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Blog

How the Brook Trout Cross the Road

leah kirk

How the Brook Trout Cross the Road.jpg

Restoring a stream beneath a bridge in Unicoi County East Tennessee has gotten quite the reputation as a trout fishing destination, for the monster rainbows and browns. The unsung heroes of the sport are the smaller brook trout. They are a sensitive species with a need for clean, cold, quality water and wide habitat. Such was the case in Unicoi County, Tenn., in the Cherokee National Forest, where a box culvert had been years ago built underneath a road crossing on Briar Creek, a tributary to the Nolichucky River.

It created an interruption in brook trout habitat. Water could still flow beneath the road. There was a big opening underneath the bridge, but there was a slick concrete pad there so that when the stream ran over it, the water was shallow and fast and there were none of the riffles or pools found in a natural stream. The water ran so fast that it eroded the stream bed on the downstream side and created a little waterfall. The fish would have to jump up to even get up to the pad in shallow water conditions, which was nearly impossible for them.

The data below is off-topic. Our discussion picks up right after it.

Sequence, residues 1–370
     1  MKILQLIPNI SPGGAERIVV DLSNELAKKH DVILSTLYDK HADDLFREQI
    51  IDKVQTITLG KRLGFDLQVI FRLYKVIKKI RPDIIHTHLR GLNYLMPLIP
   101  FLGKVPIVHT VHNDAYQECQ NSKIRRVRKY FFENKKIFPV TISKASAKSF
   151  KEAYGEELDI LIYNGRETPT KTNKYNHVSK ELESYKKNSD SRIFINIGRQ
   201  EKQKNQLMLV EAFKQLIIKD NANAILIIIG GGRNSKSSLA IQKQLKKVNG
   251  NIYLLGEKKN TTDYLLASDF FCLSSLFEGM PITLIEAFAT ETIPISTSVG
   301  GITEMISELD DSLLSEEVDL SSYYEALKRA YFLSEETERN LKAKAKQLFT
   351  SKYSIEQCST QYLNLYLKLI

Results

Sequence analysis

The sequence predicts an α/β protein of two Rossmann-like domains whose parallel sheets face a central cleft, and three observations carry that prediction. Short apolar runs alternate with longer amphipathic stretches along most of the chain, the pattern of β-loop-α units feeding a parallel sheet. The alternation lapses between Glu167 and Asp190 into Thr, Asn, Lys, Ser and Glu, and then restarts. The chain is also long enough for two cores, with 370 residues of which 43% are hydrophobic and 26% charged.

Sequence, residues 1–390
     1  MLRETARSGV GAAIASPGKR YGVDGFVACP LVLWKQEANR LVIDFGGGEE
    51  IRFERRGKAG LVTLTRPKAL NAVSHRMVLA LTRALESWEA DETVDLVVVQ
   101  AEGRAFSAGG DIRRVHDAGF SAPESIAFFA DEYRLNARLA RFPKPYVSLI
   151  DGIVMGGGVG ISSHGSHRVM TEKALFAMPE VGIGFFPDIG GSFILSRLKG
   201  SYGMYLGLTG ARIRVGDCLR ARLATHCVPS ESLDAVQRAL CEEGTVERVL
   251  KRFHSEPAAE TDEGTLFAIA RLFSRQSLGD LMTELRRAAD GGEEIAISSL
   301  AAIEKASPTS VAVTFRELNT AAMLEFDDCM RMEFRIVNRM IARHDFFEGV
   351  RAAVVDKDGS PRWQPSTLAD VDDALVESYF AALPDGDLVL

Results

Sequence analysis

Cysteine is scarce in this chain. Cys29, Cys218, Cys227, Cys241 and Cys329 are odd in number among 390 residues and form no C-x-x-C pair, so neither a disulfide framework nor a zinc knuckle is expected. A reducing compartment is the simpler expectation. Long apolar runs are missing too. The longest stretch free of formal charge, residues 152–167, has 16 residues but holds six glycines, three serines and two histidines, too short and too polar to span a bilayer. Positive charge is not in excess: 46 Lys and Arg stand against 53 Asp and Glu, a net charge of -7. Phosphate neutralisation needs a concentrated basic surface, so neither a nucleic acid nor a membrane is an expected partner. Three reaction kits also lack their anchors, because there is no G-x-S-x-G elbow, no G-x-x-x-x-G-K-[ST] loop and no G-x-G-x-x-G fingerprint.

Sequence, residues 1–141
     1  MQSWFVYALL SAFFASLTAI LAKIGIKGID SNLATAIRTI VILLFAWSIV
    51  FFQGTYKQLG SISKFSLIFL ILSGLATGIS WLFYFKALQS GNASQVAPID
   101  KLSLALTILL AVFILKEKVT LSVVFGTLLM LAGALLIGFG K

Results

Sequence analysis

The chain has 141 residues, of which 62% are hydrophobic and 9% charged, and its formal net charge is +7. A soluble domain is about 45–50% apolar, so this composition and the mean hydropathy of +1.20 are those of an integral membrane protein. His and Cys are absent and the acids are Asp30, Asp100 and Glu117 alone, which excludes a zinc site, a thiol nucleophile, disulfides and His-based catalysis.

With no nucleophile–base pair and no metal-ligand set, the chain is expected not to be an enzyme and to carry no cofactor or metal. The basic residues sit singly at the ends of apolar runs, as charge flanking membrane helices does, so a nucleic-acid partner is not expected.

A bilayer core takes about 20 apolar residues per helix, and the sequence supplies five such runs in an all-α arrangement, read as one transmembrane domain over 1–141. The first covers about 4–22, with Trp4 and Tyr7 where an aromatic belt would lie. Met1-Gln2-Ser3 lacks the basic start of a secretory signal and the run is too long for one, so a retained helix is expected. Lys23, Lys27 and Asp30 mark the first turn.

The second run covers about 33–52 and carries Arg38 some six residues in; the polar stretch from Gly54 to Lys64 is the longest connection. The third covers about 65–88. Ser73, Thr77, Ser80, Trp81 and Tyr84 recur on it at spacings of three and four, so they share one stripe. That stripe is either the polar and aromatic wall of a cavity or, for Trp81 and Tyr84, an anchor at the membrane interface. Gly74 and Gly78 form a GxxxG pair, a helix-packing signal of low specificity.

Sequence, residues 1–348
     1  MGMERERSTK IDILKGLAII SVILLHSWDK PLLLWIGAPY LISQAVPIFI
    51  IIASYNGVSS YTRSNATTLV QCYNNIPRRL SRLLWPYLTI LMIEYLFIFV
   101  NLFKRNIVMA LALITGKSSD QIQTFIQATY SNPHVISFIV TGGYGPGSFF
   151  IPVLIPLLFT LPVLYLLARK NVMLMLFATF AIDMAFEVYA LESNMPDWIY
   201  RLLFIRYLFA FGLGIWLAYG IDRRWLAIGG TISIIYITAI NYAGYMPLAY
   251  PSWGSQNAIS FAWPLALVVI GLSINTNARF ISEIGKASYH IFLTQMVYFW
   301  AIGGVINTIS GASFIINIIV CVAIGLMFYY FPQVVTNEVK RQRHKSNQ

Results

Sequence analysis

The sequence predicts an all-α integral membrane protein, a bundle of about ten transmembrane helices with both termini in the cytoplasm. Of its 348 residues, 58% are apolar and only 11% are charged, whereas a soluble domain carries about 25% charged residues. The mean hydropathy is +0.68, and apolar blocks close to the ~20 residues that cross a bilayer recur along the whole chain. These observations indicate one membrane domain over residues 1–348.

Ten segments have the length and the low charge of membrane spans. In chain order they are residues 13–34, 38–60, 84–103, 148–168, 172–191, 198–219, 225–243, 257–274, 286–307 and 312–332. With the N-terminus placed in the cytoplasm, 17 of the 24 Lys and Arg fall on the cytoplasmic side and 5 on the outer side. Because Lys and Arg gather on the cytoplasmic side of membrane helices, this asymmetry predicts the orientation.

The result was a disconnect between two populations of brook trout, which many times result in genetic isolation. Advocates for the fish—TVA, Trout Unlimited, the Nature Conservancy, American Rivers, the U.S. Forest Service and the U.S. Fish and Wildlife Service in this case—joined together to fix the problem, replacing the box culvert with a new, bottomless arch culvert, as shown in the photo above.

The new culvert will restore the stream bed and create riffles and so that as fish move up and down the stream beneath the road will open up about two miles of habitat for the downstream trout.